Teacher resources and professional development across the curriculum

Teacher professional development and classroom resources across the curriculum

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Unit Chapters
Proteins & Proteomics
Evolution & Phylogenetics
Microbial Diversity
Microbes as the First Organisms
The Diversity of Microbial Metabolism
Archaea and Bacteria
The Universal Tree of Life
Studying Unculturable Microbes with PCR
Microbes and the Carbon Cycle
Microbes and the Cycling of Nitrogen
Biofilms Formation and Bacterial Communication
Impact of Biofilms on Humans
Communication Between Bacteria and Eukaryotes
Microbes in Mines
Microbial Leaching of Ores
Emerging Infectious Diseases
Genetics of Development
Cell Biology & Cancer
Human Evolution
Biology of Sex & Gender
Genetically Modified Organisms
Impact of Biofilms on Humans

What is the impact of biofilms on humans? Most are benign, like the slippery coating on a rock in a stream, but others can cause serious problems. For example, biofilms contribute to corrosion in metal piping and can reduce the flow of fluids necessary for many industrial applications, including power generation. A particular concern is the contamination of medical devices such as urinary catheters, hemodialysis equipment, and medical and dental implants. Biofilms that develop on these devices can increase the risk of patient infection. The recognition that biofilm formation contributes to disease extends beyond the Pseudomonas infections suffered by cystic fibrosis patients. Tuberculosis, Legionnaire's disease, periodontal disease and some infections of the middle ear are just a few examples of diseases that involve the formation of biofilms. The Centers for Disease Control and Prevention estimates that biofilms account for two-thirds of the bacterial infections that physicians encounter.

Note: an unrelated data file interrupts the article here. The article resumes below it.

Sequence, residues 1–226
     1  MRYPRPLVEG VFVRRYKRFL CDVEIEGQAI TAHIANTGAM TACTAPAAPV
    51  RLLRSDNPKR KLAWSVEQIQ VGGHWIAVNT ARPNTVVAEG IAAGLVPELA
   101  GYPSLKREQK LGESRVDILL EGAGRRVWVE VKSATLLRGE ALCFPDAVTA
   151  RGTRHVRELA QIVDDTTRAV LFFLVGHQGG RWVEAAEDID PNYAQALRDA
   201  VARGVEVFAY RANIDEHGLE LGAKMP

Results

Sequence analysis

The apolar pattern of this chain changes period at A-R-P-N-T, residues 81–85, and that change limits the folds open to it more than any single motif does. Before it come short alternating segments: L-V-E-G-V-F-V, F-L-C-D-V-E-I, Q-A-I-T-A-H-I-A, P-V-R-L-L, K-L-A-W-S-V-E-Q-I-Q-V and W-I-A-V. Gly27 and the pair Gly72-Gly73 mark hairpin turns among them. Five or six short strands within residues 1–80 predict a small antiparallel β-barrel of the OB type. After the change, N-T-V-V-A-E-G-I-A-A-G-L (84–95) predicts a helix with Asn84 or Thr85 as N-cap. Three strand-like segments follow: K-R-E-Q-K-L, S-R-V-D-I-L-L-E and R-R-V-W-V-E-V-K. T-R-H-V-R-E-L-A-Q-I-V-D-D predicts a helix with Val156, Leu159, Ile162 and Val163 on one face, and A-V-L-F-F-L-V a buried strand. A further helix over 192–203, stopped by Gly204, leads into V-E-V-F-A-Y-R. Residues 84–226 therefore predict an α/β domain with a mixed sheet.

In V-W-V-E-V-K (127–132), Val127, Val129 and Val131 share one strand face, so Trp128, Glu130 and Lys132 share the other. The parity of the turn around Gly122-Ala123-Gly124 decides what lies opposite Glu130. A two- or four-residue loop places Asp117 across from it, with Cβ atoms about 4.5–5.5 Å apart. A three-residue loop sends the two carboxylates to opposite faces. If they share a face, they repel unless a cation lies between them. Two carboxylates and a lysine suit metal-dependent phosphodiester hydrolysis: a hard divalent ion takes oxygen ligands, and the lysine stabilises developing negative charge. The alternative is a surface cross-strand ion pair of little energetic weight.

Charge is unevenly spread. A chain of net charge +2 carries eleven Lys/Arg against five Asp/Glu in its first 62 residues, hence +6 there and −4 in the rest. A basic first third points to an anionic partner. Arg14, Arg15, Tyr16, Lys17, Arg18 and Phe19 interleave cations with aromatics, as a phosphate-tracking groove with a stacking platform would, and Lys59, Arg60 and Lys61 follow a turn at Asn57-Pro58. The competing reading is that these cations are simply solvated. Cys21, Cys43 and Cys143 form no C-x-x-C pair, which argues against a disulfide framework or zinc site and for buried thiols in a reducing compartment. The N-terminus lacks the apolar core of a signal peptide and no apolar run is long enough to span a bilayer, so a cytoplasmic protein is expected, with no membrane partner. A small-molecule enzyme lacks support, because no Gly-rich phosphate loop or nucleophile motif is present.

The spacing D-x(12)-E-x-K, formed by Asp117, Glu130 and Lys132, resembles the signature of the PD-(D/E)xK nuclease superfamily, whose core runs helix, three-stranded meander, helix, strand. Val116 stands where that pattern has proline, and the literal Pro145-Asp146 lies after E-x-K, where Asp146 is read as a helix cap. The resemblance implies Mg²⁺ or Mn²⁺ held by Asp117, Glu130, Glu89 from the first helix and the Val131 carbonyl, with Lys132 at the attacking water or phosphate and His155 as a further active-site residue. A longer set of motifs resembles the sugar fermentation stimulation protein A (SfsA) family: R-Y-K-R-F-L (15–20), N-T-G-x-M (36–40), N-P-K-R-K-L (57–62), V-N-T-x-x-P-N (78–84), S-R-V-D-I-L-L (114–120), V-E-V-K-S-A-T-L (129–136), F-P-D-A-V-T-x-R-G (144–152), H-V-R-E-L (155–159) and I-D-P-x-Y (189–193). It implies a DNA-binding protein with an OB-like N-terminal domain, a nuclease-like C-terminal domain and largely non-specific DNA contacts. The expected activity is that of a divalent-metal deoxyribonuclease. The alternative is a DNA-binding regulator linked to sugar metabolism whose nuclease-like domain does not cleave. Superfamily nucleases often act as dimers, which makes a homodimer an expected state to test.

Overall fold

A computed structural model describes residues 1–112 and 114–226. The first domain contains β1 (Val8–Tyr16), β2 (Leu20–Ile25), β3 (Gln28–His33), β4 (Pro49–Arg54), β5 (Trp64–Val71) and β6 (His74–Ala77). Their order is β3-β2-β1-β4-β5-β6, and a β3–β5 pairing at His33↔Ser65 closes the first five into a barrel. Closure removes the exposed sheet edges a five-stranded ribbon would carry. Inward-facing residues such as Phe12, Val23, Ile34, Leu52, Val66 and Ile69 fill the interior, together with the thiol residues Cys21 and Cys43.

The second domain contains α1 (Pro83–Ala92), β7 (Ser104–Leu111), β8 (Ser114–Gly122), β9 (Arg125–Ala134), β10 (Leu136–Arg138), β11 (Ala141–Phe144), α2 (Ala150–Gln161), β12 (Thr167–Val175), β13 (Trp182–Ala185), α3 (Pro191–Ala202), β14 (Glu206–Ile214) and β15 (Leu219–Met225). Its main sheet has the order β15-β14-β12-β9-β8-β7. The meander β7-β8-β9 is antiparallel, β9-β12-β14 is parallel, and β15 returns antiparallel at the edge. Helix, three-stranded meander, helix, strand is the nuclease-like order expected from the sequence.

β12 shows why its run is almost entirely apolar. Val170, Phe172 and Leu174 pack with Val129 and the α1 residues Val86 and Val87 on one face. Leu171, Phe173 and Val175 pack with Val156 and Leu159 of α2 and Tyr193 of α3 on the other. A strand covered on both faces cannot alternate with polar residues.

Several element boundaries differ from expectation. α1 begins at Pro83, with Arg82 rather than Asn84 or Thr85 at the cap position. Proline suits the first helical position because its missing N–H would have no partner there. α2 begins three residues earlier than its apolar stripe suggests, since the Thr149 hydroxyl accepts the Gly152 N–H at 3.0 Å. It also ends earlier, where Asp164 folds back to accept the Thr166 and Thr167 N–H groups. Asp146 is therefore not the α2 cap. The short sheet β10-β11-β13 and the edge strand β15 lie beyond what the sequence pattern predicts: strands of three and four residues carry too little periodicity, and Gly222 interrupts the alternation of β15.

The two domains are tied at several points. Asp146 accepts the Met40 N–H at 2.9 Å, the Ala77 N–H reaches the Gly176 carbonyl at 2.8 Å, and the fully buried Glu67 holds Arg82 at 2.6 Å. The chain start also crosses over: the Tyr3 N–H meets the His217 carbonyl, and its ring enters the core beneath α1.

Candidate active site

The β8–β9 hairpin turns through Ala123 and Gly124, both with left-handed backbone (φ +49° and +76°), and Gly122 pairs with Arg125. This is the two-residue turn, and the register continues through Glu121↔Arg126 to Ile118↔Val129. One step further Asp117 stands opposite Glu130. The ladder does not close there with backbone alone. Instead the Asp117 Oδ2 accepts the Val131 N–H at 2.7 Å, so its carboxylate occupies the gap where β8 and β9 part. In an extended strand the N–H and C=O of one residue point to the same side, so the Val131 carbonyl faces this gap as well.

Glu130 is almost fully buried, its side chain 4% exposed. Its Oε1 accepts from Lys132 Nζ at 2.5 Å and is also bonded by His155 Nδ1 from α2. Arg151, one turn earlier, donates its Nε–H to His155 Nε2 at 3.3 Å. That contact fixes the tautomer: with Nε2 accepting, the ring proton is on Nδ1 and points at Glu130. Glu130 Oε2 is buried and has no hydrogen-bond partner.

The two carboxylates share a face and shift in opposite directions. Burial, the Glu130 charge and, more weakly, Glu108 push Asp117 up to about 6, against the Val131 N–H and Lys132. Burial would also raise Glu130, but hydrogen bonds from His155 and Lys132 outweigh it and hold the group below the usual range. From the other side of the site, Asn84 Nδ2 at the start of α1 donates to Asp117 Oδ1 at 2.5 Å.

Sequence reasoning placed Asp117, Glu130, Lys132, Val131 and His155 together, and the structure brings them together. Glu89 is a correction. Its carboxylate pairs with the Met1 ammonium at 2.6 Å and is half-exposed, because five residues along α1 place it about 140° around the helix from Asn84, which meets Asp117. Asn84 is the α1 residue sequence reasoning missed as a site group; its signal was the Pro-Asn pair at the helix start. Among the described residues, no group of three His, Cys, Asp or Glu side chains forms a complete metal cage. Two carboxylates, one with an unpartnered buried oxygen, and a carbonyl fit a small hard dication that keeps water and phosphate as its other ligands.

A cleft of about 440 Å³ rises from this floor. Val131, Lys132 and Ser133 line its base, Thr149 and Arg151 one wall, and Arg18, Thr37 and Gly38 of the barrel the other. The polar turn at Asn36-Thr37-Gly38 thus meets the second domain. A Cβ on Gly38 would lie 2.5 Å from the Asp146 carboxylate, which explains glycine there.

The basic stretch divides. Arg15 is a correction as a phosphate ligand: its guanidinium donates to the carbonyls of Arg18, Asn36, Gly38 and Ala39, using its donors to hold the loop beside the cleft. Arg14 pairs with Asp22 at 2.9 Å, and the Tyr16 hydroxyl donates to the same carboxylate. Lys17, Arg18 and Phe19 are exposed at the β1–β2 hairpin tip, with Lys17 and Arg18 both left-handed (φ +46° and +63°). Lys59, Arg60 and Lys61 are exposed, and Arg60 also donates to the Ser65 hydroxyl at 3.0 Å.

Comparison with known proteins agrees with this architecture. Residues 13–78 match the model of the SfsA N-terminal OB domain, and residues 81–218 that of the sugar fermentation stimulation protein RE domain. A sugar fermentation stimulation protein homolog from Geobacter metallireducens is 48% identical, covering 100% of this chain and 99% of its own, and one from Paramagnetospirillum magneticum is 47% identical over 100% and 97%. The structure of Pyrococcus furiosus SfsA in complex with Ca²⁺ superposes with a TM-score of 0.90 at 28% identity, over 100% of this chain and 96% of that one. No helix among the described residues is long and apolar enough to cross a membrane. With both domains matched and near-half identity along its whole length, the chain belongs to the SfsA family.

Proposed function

Several strategies can be used for attacking biofilms. For example, one might interfere with the synthesis of the extracellular matrix that holds the film together. Scientists are investigating coating medical devices with chemicals that hinder matrix formation. Another strategy involves inhibiting the adherence of biofilm cells to their substrate. Identifying chemicals that bind to cell surfaces, stopping the formation biofilms before they begin, is also an ongoing interest of researchers. Targeting the molecules that biofilm bacteria use to communicate is a third tactic.

In 1995 Peter Steinberg of the University of New South Wales, Australia, realized that the fronds of a red algae growing in Botany Bay are rarely covered with biofilms. He determined that the algae produce substituted furanones, chemicals that resemble the acylated homoserine lactones necessary for bacterial communication. Evidently, the furanones bind to bacterial cells, thereby blocking the ability of the cells to receive the signals for quorum sensing. Although these compounds are too toxic for human use, similar compounds are being investigated for inhibiting the Pseudomonas biofilms that form in cystic fibrosis patients.

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